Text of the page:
Listening to Learn Versus Listening to Reply You are a dispatcher, and a customer calls and says “My crew is on site, we are ready to go, and your load is not there.” Rigid Rugged Resilient 12 We’re real busy right now, I’ll look into it & get back to you. They left here at 6 AM, so they should be there soon, don’t worry. I’m sorry this has happened, I’ll get you an updated ETA right away. Possible Responses

Listening to Learn Why is the customer concerned about the delivery? They want to know the location of the truck They want you to know your truck is lateTheir crew is idle, and they are losing money, likely wondering if he should send them home, or to another job. There is probably a crane being rented to unload, and so forth. The arrival time of the truck is the most important thing to the customer. Everything else depends on it. Rigid Rugged Resilient 13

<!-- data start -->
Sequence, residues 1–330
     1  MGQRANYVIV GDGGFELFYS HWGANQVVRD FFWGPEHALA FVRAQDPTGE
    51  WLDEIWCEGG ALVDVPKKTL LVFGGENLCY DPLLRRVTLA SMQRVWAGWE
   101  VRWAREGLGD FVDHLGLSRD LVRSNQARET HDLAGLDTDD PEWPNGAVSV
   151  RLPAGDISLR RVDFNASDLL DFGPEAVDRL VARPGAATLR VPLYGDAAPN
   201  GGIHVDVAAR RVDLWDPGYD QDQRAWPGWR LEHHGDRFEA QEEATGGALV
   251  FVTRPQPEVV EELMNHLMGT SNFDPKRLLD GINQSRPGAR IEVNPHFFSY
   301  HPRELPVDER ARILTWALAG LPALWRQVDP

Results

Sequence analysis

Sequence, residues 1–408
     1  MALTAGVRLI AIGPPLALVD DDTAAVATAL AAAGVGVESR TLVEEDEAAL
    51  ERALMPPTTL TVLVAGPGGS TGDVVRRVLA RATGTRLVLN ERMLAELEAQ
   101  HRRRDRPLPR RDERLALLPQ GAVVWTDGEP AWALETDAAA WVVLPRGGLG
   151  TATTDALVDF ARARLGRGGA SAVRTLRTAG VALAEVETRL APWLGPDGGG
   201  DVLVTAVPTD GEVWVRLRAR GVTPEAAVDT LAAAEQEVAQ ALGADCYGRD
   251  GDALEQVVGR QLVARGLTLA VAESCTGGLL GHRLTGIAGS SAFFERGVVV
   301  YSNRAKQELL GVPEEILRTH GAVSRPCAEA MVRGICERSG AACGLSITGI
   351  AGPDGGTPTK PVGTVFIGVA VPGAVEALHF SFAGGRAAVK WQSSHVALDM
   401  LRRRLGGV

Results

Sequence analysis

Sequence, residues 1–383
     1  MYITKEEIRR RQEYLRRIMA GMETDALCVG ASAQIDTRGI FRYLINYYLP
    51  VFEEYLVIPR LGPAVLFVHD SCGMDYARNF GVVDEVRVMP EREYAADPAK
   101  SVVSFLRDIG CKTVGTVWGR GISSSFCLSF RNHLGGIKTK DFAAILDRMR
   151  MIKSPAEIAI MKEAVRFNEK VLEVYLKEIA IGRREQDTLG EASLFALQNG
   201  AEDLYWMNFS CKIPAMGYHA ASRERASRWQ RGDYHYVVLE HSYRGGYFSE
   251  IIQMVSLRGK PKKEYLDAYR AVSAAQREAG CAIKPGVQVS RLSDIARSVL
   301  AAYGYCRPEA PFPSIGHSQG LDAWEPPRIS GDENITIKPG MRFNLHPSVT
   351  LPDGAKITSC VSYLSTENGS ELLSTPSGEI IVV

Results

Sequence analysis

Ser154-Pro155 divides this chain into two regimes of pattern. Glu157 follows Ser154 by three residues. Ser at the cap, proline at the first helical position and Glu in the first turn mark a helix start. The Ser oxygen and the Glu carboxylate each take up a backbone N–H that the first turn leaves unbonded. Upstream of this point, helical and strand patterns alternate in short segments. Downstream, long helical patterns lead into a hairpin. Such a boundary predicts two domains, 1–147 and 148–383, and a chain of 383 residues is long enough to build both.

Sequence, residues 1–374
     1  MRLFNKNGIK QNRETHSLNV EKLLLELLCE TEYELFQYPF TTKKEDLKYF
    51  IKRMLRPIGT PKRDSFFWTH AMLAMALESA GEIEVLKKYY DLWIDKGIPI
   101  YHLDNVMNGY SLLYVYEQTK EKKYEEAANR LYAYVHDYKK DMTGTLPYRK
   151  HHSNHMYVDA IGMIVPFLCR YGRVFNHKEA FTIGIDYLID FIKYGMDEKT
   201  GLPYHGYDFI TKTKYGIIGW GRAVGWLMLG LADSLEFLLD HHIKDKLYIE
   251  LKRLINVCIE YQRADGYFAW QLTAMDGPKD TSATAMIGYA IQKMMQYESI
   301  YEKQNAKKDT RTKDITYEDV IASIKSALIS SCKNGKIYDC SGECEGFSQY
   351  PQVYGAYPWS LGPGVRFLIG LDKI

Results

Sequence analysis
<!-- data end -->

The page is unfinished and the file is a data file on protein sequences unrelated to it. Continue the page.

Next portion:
Listening to Learn Rigid Rugged Resilient 14 Response Review: We’re real busy right now, I’ll look into it & get back to you. Of course you’re busy. Everyone is busy. Telling the customer this sends the message that your needs are more important than theirs. They left here at 6 AM, so they should be there soon, don’t worry. But they are worried. Time is money, and you are suggesting their time is not important. They’ll remember that next time they’re invoiced. I’m sorry this has happened, I’ll get you an updated ETA right away. By promising a revised ETA, you are going directly to what matters to them – When will the truck be there ? Maybe the truck is broken down somewhere, but you have given the customer what they need until further information is available, and have sent a message that you are invested in what is important to them.